Why Climate Change Threats Don’t Trigger An Immediate Response From Human Brains
AILSA CHANG, HOST:
So I turned to Dan Gilbert. He’s a psychologist at Harvard, and he focuses on the human mind, not climate change. But it turns out those two things are totally connected when it comes to explaining why people don’t do more about the environment. He wrote about this all the way back in 2006, but what he said then still holds up today. Gilbert argued that climate change lacks four fundamental features that typically trigger an immediate response. And those features all start with the letter I, so bear with us.
DAN GILBERT: The human brain, you’ve got to remember, is a fantastic threat detector. The problem is that the brain is especially attuned to threats from agents.
CHANG: Your point is that climate change isn’t this personal, deliberate assault against us by other humans.
GILBERT: Exactly. There’s no evildoer. I mean, just imagine that the things happening today in the United States with regard to climate were a nefarious plot by the Iranians. We’d be dropping nuclear bombs. But when it’s the climate, which doesn’t seem like it’s a person at all, we just kind of ho and hum.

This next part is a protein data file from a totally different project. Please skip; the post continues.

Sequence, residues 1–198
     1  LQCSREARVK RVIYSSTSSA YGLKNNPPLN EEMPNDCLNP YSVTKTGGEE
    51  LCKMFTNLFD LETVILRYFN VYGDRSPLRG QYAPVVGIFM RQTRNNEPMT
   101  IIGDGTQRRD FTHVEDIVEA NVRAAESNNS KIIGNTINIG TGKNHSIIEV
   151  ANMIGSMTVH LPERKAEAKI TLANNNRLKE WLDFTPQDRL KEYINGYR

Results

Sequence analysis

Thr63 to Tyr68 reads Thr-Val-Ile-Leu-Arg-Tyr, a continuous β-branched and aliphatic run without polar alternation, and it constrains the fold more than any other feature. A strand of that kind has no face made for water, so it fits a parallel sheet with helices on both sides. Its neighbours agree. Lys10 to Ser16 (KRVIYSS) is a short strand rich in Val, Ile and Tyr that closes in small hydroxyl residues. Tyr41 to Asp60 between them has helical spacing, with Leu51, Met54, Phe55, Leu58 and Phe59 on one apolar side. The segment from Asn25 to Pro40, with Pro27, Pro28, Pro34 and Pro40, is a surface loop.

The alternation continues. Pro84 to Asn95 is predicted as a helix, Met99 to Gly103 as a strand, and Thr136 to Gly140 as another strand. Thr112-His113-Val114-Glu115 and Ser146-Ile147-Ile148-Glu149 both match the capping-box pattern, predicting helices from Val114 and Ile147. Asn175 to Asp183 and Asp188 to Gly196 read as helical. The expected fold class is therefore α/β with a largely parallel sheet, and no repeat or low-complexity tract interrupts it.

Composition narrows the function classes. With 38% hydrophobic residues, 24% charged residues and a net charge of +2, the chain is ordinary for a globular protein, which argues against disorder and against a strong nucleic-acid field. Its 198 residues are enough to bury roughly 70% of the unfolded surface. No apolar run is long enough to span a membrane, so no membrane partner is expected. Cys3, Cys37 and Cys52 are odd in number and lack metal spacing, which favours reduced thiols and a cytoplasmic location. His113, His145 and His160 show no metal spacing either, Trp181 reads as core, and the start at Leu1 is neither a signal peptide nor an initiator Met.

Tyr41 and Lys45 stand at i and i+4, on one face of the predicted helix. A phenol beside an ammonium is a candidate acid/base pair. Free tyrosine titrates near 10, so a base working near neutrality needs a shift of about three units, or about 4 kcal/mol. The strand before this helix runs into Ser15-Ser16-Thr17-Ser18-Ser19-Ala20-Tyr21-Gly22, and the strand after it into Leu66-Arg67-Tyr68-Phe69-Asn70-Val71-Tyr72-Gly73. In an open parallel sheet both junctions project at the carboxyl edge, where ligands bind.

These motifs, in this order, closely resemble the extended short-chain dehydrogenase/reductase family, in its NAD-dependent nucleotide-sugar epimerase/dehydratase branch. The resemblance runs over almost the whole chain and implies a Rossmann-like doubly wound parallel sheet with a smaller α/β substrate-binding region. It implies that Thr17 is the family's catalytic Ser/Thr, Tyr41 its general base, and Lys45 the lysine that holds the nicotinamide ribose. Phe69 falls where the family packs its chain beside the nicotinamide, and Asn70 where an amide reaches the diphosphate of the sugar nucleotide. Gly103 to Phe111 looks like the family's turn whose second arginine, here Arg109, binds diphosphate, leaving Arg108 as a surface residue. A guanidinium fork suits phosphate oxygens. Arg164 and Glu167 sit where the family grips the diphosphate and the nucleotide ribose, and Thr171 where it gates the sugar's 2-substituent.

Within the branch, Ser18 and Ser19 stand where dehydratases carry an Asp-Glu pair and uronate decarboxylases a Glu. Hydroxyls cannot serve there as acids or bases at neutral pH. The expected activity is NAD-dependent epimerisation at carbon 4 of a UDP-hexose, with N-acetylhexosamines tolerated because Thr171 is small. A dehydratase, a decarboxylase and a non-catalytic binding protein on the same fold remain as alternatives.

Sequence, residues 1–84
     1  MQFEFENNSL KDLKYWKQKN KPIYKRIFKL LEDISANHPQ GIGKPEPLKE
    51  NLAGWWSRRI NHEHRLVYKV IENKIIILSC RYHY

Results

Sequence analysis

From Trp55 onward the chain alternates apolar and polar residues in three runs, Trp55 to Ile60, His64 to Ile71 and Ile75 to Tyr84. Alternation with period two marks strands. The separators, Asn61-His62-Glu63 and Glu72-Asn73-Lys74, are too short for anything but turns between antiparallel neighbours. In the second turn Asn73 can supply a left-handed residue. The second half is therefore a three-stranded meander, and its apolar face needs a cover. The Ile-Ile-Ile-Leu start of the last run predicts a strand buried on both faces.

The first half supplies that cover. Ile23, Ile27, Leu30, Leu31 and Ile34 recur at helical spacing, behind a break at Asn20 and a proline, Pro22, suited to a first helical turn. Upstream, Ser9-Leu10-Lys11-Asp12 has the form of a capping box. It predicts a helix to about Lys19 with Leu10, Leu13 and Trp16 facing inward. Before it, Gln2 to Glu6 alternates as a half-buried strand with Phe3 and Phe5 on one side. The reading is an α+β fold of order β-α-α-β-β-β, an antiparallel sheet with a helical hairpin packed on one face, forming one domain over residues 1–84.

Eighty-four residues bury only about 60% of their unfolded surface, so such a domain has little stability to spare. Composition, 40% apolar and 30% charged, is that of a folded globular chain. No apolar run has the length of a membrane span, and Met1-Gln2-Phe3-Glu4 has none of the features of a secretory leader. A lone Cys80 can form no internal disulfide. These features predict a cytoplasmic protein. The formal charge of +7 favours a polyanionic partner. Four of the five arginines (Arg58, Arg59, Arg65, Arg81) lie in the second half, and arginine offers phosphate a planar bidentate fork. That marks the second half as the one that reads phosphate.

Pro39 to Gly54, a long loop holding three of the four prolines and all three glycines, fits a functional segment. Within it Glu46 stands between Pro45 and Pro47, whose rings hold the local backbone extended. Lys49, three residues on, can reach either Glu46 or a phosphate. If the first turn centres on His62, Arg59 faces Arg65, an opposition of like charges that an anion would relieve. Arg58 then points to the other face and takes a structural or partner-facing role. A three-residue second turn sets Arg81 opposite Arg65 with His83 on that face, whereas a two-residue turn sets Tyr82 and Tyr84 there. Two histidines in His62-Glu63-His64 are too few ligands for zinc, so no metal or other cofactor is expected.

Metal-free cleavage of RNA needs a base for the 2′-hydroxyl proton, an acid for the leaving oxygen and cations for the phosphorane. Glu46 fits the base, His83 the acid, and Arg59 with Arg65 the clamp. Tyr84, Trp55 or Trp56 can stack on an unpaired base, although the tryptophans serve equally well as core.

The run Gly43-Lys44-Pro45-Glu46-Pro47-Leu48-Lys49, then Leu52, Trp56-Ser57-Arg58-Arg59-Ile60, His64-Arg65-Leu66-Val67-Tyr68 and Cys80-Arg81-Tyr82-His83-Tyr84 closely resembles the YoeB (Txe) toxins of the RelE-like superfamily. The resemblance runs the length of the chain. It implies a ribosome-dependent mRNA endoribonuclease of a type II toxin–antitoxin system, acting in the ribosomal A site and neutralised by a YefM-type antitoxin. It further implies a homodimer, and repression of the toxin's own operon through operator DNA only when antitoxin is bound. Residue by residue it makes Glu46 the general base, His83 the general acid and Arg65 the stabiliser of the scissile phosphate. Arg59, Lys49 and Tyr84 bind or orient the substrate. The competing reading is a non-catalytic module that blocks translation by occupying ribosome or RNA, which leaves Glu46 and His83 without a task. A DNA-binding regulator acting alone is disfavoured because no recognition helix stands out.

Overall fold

Read the whole story: NPRMore of our Members in the Media >
APS regularly opens certain online articles for discussion on our website. Effective February 2021, you must be a logged-in APS member to post comments. By posting a comment, you agree to our Community Guidelines and the display of your profile information, including your name and affiliation. Any opinions, findings, conclusions, or recommendations present in article comments are those of the writers and do not necessarily reflect the views of APS or the article’s author. For more information, please see our Community Guidelines.
Please login with your APS account to comment.